After you have been convicted of a crime, you may be able to overturn your conviction using a criminal appeal. The criminal appeals process in Pennsylvania can be highly complex and, at times, discouraging. However, you should not give up on any opportunities that can help turn your criminal case around.
If you or a family member was convicted of a crime, you should consult with an experienced Philadelphia criminal appeals attorney today. Defense attorney Lloyd Long is deeply familiar with Pennsylvania’s criminal appeals process, and he is prepared to represent you. When you or a family member has been unexpectedly convicted of a crime or given an excessive or illegal sentence, the attorneys at our firm stand ready to assist you. To schedule your free consultation at the Law Offices of Lloyd Long, call us at (215) 666-0381.
How to File a Criminal Appeal in Pennsylvania
If you have been convicted of any crime in Pennsylvania, you have a constitutional right to file an appeal for your case. The procedures at the appellate level differ greatly from those at the trial level. Therefore, you should ensure you have an experienced attorney that is familiar with Pennsylvania’s appellate process and can competently handle your appeal.
It is important to understand that you must be convicted to file an appeal. If the charges against you were dismissed or you were acquitted of any criminal charges, there is no case to appeal.
Generally, there are two types of criminal appeals that a convicted individual can pursue after sentencing: a direct appeal or a collateral appeal.
Pennsylvania’s Superior Court is responsible for reviewing the majority of direct appeals. To have your case reviewed by the Superior Court, you must file a notice of appeal with the Court of Common Pleas where you were convicted. You should ensure that the notice of appeal is timely filed within 30 days of receiving your sentence or your right to appeal may be affected.
When a case is on appeal, the appellate lawyer seeks to demonstrate that the trial court committed a legal error which entitles the defendant to the requested relief. A defendant can request to receive a new trial, resentencing, or a complete dismissal of the charges levied against them. As mentioned above, criminal appeals are different from trials because the judges do not go back through all issues brought up in the trial. For example, challenging the truth of witness testimony or facts the prosecution presented will not help you get your charges dismissed. Instead, you must assert that the lower court committed a “mistake of law” that had a serious impact on your case.
There are several claims of mistake of law or legal error that you can focus on for your appeal:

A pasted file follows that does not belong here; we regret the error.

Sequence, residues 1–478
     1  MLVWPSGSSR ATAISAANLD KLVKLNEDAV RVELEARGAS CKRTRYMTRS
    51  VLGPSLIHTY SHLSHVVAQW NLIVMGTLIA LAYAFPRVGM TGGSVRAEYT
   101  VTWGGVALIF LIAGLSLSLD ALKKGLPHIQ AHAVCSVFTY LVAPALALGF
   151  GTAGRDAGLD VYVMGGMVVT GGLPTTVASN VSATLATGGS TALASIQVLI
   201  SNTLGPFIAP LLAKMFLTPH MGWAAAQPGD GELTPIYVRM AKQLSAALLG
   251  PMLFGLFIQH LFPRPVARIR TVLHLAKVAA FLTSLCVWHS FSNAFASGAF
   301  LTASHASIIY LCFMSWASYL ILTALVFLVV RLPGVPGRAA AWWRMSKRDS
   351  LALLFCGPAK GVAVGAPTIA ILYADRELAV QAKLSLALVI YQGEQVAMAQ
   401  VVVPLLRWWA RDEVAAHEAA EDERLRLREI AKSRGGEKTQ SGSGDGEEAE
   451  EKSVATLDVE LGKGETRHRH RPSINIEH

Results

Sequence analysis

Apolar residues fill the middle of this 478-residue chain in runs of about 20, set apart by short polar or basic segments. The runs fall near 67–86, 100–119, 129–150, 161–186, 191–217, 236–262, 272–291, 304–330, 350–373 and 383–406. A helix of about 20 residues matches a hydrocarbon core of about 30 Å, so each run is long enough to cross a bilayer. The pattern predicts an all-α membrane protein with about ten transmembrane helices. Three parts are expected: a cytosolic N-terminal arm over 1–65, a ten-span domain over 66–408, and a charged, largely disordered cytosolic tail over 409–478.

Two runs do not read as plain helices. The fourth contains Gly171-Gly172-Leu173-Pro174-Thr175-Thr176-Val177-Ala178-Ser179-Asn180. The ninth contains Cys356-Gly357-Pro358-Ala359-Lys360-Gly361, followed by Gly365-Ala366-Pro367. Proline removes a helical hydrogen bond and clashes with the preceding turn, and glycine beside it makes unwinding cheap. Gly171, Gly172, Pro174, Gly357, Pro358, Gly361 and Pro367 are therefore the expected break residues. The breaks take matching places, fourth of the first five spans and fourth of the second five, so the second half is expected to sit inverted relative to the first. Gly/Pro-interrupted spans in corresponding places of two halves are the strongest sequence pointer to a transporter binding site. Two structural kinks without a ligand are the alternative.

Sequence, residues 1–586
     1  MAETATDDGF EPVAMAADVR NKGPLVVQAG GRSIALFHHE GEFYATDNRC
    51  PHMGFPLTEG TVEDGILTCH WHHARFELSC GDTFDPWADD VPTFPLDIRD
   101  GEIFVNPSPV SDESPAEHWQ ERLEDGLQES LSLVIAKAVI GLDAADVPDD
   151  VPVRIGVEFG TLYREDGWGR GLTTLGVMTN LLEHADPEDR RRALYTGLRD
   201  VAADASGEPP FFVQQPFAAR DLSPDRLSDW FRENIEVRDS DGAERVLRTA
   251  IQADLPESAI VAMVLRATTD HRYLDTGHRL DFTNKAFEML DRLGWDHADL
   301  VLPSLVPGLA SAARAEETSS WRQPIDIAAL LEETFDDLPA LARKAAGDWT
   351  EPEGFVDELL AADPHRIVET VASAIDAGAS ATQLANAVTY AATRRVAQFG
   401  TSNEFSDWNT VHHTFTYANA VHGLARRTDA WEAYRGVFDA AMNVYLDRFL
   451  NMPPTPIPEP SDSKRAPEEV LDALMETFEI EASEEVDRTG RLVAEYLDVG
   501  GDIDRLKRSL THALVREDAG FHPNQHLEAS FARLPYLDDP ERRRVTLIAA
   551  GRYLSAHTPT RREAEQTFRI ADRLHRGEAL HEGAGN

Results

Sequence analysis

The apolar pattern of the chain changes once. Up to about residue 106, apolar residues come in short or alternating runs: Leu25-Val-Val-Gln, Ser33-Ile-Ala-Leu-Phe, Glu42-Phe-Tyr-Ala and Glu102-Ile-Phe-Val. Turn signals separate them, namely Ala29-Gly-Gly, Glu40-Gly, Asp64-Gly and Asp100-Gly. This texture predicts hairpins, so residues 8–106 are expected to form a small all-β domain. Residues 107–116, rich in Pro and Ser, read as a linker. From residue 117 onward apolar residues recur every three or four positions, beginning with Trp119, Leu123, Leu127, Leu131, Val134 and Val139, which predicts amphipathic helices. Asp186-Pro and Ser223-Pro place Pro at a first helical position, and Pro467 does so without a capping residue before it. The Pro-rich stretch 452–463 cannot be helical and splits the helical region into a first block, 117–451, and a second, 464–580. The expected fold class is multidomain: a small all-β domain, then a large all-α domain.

- Suppression of Evidence: If you filed a motion to suppress a certain piece of evidence during your trial and your motion was denied, the Superior Court may overturn that ruling and grant you a new trial.
- Suppression of a Statement: If you made a statement to law enforcement that you believe should not have been presented during your trial because it violated your Miranda rights or came after an illegal arrest, you may challenge the trial court’s ruling on appeal.
- Excessive Sentence: If the sentence you received is grossly disproportionate to the crime that you allegedly committed, you can challenge the lower court’s ruling on appeal.
This is not an exhaustive list of claims that can be reviewed on appeal
It is also important to note that if your lawyer did not object to a mistake of law during your trial, it would not be “preserved” for appeal and the Superior Court may not review the claim.
When you file a direct appeal, it goes to the Superior Court first. If you are still unhappy with the outcome, you may be able to escalate your claim to the Pennsylvania Supreme Court and then the U.S. Supreme Court, if they are willing to hear your case.
If you exhaust all of your direct appeal options, you can still turn to a “collateral appeal.” Pennsylvania’s Post-Conviction Relief Act (PCRA) allows a defendant to challenge their conviction on constitutional and statutory grounds, even years after the conviction.
One of the most common claims used to challenge a conviction is “ineffective assistance of counsel.” An ineffective assistance of counsel claim alleges that your trial lawyer did not provide you with competent legal representation and that their ineffectiveness substantially impacted your trial. This claim can be difficult to prove because Pennsylvania presumes that you received effective representation during your trial.
Other grounds for a PCRA appeal include the following:
- A violation of your constitutional rights calls into question the legitimacy of your trial.
- The discovery of new evidence that was not available during your trial calls into question the results of the trial.
- The government obstructed your right to a lawful appeal or your right to access certain evidence.
PCRA claims should be filed within one year of the date of you lost your appeal. If your petition is based on new evidence or information, you have 60 days from when you received that evidence to file your claim. PCRA deadlines should be strictly followed to avoid the possibility of losing your right to appeal.
Additionally, if your PCRA claim is unsuccessful, you may be able to file an appeal with the federal courts using a “habeas corpus” petition.
Our Criminal Appeals Lawyers Are Ready to Represent You
If you or a family member needs to appeal a conviction, you should speak with an experienced Philadelphia criminal appeals lawyer today. The Law Offices of Lloyd Long are prepared to guide you through Pennsylvania’s complex criminal appeals process. To schedule a free consultation, call us at (215) 666-0381.